The characteristics of unmatched and matched cohorts are illustrated in Table 1. Overall, matched COVID-19 and non-COVID-19 were well-balanced (graphical illustration of SMD in the ESM, Figure E1). In the matched population overall, the mean age was 59.8 (SD 13.2) and 80% (n = 376) of patients were male. Of note, antibiotics at ICU admission were more frequently administered in COVID-19 patients (79% versus 68%, p = 0.006).

Table 1 Description of unmatched and matched COVID-19 and non-COVID-19 critically ill patients

Bloodstream infections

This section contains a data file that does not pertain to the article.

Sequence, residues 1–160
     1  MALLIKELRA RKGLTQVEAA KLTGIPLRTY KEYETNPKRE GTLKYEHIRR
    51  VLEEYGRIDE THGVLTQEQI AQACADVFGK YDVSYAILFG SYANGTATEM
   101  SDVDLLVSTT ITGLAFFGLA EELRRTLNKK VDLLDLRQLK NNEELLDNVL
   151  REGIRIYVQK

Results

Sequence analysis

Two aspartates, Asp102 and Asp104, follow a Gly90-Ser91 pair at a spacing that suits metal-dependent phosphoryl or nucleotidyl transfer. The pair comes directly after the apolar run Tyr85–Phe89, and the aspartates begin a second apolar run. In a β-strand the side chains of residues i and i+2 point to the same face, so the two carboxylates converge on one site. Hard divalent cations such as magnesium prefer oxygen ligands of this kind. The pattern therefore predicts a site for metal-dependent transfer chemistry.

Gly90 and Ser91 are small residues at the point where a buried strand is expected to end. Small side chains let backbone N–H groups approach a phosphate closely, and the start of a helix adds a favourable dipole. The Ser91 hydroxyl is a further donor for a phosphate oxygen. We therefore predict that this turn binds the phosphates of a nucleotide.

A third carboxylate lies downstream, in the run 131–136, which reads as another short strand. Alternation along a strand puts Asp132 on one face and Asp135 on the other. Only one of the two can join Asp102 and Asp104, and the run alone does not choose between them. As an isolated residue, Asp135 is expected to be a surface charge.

We observed 43 ICU-BSIs, eight (3.4%) were in the non-COVID-19 group and 35 (14.9%) in the COVID-19 group (p ≤ 0.0001, Table 2), respectively. ICU-BSIs among COVID-19 patients occurred in median 12 (IQR 9–16) days after ICU admission (versus 6.5 days [IQR 5–12.5] for non-COVID-19 patients, p = 0.086). Among COVID-19 patients, the median time between Symptoms’ onset and ICU-BSI was 20 days (IQR 17–30). Eighty-four (35.7%) and 38 (16.2%) patients died at 60-day in the COVID-19 and non-COVID-19 groups (p ≤ 0.0001), respectively. Using graphical description, we observed that COVID-19 patients had an increased probability to develop ICU-BSI, especially from the 7th day after ICU admission (Fig. 2). Using proportional subdistribution hazards models, COVID-19 increased the daily risk to develop ICU-BSI (sHR 4.50, 95% CI [confidence interval] 1.82–11.16, p = 0.0012). The proportionality of hazard was not respected and the risk of ICU-BSI significantly increased after day 7 from ICU admission. After introducing a time-dependent variable, we estimated a sHR for COVID-19 of 8.74 at Day 7. After adjustment for antibiotics received in the first two days after ICU admission, we observed similar results (sHR 5.03, 95% CI 1.91–13.29, p = 0.001). A sensitivity analysis excluding controls recruited from 2012 to 2014 showed similar results (sHR 3.00, 95% CI 1.23–7.34, p = 0.016). Among microorganisms detected in ICU-BSI, CoNS and enterococci tended to be more frequently observed in the COVID-19 group (Table 3). In the COVID-19 group, the source of infection was more frequently unknown (Table 3). Among unknown sources of infection, we observed more bacteria that live in the digestive tract in COVID-19 patients, whereas CoNS were more frequently detected in non-COVID-19 patients (ESM Table E2).